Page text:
The Great Gatsby
by F. Scott Fitzgerald
 
In this book, F. Scott Fitzgerald has created a social satire of America in the 1920’s in which he exposes the American Dream as being inherently flawed and merely an illusion produced by idealism. This American Dream has been traditionally associated with the pursuit of freedom and equality. It offered the fulfilment of human desire for spiritual and material improvement. However, what became quickly apparent was that the materialistic side of the dream was achieved to quickly and easily and left behind the spiritualistic development. A state of materialistic well being emerged, but lacking in  purpose. Although the dream has established progress, prosperity and democratic principles, there is still evident class conflicts, corruption and exploitation.
 
 
Jay Gatsby, the main character, is undoubtedly the most prominent example of both the successes and the failures of this dream. The exhibition of material wealth which Gatsby’s mansion represents also forms the location for a series of lavish parties, a feature of the novel which helps to add to our perception of the era  - a post war period of gaiety and wild enjoyment. Whilst the parties are attended by all manner of people from both East and West Egg, this is not supposed to be seen as any reflection of Gatsby’s popularity amidst society, in fact few people who were in attendance at the parties with Nick Carraway, his curious neighbor, had even met their host.
 
 
As conveyed to us through the aspect of Nick Carraway, the parties serve as a device to expose the values and attitudes of society outside the limited focus of the principal characters. Through the variety of society in attendance at the parties, a common element becomes apparant - the artificial, insincere and hollow nature of the guests themselves.  We have already touched upon the sheer disrespect which is shown towards Gatsby as the host of the parties, only Nick shows a genuine desire to meet Gatsby out of courtesy. In a sense, Gatsby’s idealism was ultimately the cause of the parties and the parties are the cause of the deceit, fraud and self absorption which thrives there.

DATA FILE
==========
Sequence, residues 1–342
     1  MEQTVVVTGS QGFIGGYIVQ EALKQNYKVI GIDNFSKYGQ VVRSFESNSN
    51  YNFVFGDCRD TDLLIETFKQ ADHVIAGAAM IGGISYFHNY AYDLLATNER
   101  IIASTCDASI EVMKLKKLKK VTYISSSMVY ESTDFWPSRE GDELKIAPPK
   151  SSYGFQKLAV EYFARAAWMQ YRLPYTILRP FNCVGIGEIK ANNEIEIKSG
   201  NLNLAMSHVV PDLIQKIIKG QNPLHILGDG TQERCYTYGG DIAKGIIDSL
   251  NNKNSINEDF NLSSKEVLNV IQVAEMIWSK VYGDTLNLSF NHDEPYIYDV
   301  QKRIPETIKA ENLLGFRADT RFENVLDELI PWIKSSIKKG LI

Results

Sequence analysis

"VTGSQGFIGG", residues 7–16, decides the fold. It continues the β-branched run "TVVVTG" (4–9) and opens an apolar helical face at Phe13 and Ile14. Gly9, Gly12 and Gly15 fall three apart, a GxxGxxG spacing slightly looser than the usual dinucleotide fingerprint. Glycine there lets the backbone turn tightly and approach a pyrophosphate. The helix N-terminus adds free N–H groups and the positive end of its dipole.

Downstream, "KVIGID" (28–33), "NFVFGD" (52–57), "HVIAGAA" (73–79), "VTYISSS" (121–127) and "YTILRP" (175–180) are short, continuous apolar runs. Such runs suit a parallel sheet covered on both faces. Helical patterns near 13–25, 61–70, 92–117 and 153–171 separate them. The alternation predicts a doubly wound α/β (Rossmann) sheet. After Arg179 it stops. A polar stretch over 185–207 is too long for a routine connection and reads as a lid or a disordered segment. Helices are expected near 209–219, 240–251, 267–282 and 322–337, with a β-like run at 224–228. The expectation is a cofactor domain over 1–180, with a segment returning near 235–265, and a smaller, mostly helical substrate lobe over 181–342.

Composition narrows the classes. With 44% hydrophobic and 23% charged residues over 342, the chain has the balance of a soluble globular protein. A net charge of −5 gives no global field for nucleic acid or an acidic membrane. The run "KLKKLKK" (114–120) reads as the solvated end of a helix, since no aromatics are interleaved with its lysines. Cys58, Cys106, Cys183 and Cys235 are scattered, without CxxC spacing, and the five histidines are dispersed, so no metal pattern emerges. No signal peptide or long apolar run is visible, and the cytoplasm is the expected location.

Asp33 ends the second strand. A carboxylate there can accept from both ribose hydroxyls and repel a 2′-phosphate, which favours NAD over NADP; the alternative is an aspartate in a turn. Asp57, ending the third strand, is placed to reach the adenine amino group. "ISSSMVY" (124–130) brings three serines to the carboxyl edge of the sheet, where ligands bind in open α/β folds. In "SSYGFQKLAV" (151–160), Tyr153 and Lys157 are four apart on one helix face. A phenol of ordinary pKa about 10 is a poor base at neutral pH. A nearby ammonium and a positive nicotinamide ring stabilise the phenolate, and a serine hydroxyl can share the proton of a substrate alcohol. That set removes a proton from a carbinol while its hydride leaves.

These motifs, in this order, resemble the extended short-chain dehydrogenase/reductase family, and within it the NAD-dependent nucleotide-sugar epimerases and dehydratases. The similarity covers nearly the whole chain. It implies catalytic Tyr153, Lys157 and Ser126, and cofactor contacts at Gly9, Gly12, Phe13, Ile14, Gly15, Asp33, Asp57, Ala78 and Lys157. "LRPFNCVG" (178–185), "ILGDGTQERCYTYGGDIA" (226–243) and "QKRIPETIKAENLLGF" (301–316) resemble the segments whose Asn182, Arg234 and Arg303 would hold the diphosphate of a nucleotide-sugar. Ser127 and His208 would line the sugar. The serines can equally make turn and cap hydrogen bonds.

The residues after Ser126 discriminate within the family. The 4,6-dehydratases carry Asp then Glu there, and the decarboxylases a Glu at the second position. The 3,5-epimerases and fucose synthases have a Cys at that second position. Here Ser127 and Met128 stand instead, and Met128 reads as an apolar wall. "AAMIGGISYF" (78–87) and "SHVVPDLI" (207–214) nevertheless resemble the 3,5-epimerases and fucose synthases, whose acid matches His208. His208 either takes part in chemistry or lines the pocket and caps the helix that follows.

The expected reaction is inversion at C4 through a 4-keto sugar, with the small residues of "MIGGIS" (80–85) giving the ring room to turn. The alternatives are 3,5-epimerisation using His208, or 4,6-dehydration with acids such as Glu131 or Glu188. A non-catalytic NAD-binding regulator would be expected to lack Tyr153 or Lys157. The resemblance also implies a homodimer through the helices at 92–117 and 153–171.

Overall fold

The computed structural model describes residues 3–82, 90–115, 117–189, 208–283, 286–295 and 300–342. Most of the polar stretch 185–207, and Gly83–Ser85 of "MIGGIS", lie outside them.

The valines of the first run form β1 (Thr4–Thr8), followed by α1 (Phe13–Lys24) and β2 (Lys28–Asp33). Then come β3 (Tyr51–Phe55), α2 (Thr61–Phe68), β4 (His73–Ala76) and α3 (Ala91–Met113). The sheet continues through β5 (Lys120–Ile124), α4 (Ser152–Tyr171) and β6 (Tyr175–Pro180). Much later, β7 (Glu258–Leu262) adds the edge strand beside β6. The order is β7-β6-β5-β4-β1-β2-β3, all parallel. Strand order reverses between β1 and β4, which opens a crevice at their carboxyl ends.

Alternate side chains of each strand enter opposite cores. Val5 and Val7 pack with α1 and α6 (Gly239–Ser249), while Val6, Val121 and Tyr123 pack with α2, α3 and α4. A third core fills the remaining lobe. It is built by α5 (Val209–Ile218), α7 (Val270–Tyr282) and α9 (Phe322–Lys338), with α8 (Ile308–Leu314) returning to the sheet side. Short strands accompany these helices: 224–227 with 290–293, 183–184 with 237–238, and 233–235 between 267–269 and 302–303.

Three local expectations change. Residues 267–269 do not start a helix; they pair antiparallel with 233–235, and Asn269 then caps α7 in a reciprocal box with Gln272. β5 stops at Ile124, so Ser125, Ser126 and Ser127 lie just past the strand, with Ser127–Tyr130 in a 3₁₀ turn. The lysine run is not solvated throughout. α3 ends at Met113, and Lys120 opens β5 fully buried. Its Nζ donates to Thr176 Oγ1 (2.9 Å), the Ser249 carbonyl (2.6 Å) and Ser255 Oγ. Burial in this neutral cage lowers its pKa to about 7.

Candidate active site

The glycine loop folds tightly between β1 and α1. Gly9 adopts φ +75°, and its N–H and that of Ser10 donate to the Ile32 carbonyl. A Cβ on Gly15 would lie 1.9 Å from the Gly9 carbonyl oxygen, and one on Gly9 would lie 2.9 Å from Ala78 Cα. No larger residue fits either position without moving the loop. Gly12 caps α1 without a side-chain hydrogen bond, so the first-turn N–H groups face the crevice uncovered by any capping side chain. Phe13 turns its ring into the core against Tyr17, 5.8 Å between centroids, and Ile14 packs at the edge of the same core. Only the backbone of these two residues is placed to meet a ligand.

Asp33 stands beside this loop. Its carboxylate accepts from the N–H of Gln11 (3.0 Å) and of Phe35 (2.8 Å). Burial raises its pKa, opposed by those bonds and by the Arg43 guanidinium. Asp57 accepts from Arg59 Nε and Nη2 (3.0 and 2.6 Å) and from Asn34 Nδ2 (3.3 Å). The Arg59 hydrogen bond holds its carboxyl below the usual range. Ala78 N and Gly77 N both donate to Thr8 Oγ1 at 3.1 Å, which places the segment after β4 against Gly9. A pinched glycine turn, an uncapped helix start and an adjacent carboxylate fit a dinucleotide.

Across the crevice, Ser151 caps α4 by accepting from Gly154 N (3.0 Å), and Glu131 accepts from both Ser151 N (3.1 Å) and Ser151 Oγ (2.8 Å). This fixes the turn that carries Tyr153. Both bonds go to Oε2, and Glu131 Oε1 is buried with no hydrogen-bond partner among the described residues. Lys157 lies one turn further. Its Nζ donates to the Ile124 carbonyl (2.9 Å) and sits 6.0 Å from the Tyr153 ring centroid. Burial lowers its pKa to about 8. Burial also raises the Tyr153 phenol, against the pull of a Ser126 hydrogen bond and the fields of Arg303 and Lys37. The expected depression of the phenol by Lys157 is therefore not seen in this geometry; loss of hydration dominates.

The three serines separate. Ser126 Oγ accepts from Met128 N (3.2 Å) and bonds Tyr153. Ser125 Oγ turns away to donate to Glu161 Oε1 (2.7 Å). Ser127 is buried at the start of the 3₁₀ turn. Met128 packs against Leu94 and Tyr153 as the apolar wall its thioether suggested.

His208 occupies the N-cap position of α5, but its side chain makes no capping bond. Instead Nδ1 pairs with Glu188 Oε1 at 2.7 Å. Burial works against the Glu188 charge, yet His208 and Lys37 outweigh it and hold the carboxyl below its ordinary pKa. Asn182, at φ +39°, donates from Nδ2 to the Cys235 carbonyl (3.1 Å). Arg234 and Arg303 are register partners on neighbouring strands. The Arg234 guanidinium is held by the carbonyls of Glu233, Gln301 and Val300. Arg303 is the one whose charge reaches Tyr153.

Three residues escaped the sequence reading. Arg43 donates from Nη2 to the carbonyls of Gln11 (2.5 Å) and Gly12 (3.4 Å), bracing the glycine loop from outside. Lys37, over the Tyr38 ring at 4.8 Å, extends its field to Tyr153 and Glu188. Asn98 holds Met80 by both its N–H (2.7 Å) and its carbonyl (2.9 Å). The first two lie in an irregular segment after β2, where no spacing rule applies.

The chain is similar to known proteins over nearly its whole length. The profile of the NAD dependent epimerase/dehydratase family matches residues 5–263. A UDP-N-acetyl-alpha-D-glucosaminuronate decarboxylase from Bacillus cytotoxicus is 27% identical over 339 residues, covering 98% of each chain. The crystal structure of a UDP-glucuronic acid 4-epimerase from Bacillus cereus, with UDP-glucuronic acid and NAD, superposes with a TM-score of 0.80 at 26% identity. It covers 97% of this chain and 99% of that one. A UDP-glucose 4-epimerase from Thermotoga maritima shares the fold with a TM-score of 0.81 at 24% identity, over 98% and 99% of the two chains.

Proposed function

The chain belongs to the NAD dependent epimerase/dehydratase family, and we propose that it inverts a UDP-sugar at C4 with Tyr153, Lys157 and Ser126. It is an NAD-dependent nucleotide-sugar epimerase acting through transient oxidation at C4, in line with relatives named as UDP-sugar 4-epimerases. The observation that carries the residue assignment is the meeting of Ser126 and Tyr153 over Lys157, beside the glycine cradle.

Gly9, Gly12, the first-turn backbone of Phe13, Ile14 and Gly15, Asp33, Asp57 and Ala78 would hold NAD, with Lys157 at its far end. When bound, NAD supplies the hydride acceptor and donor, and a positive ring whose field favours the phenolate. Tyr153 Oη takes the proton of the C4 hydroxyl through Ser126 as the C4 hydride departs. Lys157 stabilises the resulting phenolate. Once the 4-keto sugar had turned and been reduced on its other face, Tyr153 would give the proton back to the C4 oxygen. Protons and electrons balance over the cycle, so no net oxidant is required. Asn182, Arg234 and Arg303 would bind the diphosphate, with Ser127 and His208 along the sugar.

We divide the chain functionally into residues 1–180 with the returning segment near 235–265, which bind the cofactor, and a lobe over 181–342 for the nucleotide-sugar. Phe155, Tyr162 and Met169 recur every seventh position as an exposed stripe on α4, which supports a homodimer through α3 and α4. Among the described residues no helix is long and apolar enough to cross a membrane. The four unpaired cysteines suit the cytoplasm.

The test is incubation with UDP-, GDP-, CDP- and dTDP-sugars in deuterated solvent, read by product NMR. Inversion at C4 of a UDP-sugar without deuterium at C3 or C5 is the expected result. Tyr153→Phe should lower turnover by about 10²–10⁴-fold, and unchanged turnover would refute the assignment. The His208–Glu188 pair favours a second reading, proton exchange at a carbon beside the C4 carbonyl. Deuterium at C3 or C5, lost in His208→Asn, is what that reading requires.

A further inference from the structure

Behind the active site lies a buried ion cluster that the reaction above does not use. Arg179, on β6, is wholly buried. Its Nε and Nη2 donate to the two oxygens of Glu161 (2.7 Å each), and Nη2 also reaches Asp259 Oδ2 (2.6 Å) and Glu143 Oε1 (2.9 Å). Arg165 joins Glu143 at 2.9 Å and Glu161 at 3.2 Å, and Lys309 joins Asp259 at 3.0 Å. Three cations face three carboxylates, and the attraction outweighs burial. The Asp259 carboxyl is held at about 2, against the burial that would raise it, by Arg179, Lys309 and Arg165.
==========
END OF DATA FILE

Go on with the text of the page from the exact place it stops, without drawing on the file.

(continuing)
Gatsby’s success in achieveing material wealth however has not achieved it’s initial goal, in that Gatsby’s wealth has not been able to buy back Daisy. The pursuit of wealth, we discover has been fired by Gatsby’s idealism and unquenchable hope that Daisy would return to him if he were to match the wealth of the man she married, irrespective of the fact that she is married. Similarly in the case of Myrtle Wilson whose affair with Tom Buchanan shows similar disregard for their respective marriages, shows the values of that period.
 
 
Myrtles affair and eventual tragic death are also directly linked with societal constraints. In establishing an affair with Tom Buchanan she has also made an attempt to cross the class barrier - such an attempt is desitined to failure with the emphashis which is placed upon class in society at that time.   Myrtle’s death at the hands of Gatsby, the American Dream personified,  can only be seen as Ironic and esssentially tragic.
 
 
In the end, all of their character's were doomed by the illusions of wealth and short fallings of society.  Idealism destroyed realism afterall.  In their vain attempts to grasp at life, they ended up dying at the feet of what they viewed as happiness. I would definately reccommend this book for the emotions it brings forth and the societal statements it makes.
 
 
A word about the author:
F. Scott Fitzgerald was born in Minnesota on September 24, 1896.  He later married a woman named Zelda.  He published The Great Gatsby in 1925.  He wrote several short stories and novels in his lifetime.  He had one daughter, Frances, whom he sent to barding school at age 14 as he could no longer afford to house her.  His wife had a nervous breakdown and lived out the rest of her life in a mental institute.  Fitzgerald died an ill, impoverished, and seemingly unsuccessful alcoholic.
 
 
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